For the Canadian carriers, the change would require a response as a single calling market with no roaming fees would represent a serious competitive threat. Further, given Verizon's ability to recoup costs from U.S. and foreign customers, it would be well-positioned to offer competitive Canadian domestic rates. The change would cost the Canadian companies millions in roaming revenues alongside lost customers attracted to a simplified, no roaming offer.

Unlike their response to the new entrants, which focused on low-cost flanker brands with the bet that the new entrants would not survive, the ability for Verizon to reshape the marketplace would require a more robust response that would impact on both the consumer and business segments of the market.  Given the threat, it should come as little surprise to find Bell already sounding the alarm, as it warns against what it sees as unfair competition and calls for a "level playing field."  For Canadian consumers weary of an uncompetitive market, Verizon's entry could finally result in competitive differentiation and some real change.

Happy Canada Day: Celebrating Canada's Digital Policy Success Stories

Michael Geist - Mon, 07/01/2013 - 01:39
As Canadians grapple with news of widespread secret surveillance, trade agreements that could upend intellectual property policy, and the frustrations of a failed wireless policy, there are plenty of digital policy concerns. Yet on Canada Day, my weekly technology law column (Toronto Star version, homepage version) argues that it is worth celebrating the many positive developments that dot the Canadian digital policy landscape.  Eight of the best include:

1.    The Supreme Court of Canada's strong affirmation of user rights and technological neutrality in copyright. Canada's highest court stands as the most pro-user court in the world as it has repeatedly emphasized the need to strike a balance between creator rights and user rights. Its decisions, which include a record five copyright cases handed down in a single day last year, are cited by many as the best approach to reward creators and promote new innovation.


2.    The Canadian Radio-television and Telecommunications Commission's policy on network neutrality. As other countries struggle to develop regulations that safeguard against competitive abuses by Internet providers, the CRTC's 2009 Internet traffic management practices policy is often lauded as a measured approach that opens the door to consumer complaints about net neutrality violations.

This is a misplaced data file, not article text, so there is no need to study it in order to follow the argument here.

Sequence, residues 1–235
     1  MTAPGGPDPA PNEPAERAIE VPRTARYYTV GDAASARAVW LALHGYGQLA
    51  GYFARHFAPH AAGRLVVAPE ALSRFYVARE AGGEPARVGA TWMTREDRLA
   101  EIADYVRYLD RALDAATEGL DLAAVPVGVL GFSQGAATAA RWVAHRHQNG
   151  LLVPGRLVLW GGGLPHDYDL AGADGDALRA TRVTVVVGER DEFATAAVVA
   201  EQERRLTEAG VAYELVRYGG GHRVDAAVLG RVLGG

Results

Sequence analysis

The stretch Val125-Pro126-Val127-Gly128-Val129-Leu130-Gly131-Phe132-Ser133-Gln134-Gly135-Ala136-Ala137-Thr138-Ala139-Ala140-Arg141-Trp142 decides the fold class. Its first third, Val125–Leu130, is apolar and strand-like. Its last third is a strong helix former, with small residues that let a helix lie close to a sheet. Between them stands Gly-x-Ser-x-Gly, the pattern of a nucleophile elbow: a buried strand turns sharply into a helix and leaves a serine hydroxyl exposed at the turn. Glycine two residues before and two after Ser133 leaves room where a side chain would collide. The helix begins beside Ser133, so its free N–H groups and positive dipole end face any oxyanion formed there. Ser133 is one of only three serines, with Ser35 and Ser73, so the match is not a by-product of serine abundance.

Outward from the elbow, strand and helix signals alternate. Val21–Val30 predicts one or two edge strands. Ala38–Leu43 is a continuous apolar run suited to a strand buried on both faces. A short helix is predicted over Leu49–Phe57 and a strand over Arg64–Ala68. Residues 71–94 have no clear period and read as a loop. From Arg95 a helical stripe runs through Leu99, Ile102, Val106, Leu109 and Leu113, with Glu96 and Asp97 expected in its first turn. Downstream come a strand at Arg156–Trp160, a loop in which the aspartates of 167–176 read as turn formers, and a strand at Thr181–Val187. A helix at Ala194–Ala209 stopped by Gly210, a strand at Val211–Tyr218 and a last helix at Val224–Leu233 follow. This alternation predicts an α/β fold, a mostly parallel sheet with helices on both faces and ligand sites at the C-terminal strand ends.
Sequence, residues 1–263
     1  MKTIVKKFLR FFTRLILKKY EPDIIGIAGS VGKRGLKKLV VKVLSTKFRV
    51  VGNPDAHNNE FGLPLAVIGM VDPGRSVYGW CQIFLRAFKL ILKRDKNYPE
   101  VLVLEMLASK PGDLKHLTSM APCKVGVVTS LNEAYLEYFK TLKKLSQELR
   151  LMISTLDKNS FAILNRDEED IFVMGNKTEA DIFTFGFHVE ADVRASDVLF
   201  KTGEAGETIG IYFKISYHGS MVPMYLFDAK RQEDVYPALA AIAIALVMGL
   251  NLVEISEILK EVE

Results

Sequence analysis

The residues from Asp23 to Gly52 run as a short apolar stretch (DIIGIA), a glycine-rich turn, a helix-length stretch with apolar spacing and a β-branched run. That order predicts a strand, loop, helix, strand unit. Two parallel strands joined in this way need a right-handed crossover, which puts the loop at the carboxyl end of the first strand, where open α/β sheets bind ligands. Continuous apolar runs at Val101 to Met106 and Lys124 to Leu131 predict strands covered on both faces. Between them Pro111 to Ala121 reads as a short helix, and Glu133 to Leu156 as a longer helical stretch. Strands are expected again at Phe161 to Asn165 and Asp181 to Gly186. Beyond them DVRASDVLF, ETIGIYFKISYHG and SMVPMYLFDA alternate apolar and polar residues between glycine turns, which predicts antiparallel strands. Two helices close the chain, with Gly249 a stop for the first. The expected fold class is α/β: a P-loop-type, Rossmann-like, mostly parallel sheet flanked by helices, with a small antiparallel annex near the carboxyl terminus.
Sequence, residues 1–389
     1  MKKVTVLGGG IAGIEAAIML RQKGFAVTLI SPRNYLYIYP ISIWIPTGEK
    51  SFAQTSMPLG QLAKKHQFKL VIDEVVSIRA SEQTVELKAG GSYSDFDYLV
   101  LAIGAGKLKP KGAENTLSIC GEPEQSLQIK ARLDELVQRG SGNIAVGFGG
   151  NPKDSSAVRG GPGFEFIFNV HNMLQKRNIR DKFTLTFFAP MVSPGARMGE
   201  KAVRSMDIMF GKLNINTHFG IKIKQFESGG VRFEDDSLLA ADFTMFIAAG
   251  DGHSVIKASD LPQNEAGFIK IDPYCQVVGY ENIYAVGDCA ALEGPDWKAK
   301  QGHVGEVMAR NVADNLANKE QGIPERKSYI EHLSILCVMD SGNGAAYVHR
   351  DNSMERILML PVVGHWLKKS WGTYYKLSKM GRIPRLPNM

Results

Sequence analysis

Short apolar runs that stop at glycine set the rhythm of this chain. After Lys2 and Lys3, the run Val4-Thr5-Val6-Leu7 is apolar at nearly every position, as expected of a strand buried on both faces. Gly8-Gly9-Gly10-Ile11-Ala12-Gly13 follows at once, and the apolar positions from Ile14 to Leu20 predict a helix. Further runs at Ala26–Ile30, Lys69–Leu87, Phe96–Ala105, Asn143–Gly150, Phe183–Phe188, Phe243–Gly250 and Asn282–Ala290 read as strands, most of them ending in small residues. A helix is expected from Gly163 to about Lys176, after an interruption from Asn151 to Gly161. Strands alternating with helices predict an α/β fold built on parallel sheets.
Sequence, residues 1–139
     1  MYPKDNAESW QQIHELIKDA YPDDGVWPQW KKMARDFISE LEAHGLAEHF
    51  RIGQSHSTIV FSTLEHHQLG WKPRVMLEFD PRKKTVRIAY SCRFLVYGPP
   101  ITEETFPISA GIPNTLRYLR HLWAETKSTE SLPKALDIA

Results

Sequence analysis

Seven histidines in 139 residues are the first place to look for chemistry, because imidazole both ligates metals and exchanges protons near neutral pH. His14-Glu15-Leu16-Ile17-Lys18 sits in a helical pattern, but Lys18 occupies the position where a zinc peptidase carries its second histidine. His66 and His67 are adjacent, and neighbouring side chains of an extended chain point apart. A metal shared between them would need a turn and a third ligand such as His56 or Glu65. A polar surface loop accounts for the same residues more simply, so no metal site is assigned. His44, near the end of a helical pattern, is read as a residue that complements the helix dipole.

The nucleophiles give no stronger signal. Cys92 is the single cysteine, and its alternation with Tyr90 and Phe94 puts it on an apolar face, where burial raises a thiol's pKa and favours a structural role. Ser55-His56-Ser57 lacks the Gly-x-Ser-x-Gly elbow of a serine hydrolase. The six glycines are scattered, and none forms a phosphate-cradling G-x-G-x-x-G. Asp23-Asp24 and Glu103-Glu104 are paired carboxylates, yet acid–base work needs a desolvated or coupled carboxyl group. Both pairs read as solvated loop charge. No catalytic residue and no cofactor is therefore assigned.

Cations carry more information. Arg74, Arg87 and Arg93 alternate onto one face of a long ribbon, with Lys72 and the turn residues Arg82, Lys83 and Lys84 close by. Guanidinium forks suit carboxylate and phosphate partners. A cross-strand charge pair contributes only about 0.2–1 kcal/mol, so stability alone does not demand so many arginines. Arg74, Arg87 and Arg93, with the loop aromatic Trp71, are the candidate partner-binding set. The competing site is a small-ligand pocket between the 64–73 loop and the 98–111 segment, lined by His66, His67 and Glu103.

3.    The defeat of the government's lawful access legislation. The recent revelations of widespread surveillance programs tempers the perceived victory that came from defeating the 2012 Internet surveillance bill, but the massive backlash demonstrated that Canadians are willing to speak up to protect their privacy rights and that the Internet can be a powerful tool for advocacy purposes.

4.    Canada's promotion of user generated content. Recent Canadian copyright reforms featured a unique user-generated content provision that provides legal protection for creators of "remix" and "mashup" videos alongside safety from liability for websites that host such content. The reforms are the first of its kind, leading other countries to consider whether they should incorporate the Canadians rules into their domestic laws.

5.    The CRTC's pro-consumer agenda.  Telecom and broadcast regulators are rarely viewed as pro-consumer, yet recent changes at the CRTC point to a new perspective on the role of consumers and the public interest in communications policy. From the initial defeat of the BCE-Astral merger to the inclusion of public comments within CRTC hearings (Chair Jean-Pierre Blais has posed consumer responses directly to telecom CEOs), consumers are now the watchword at the Commission.

6.    The Privacy Commissioner of Canada's aggressive investigations of top Internet companies.  While Privacy Commissioner of Canada Jennifer Stoddart complains about the lack of enforcement powers within her legislative mandate, her office has emerged as a global leader in holding the feet of Internet companies such as Facebook to the fire. Canada was the first country to launch a detailed investigation into the social media giant's privacy practices and since then has thrust itself into a leadership role in assessing the privacy impact of new technologies.

7.    Canada's notice-and-notice system for Internet providers.  As countries such as France back away from much-criticized policies that included the prospect of being cut off from the Internet due to allegations of copyright infringement, the Canadian approach of using notices to educate users about potential infringing activity is starting to attract international attention. Data suggests that the Canadian model is effective at reducing infringement, while preserving the privacy and free speech rights of users.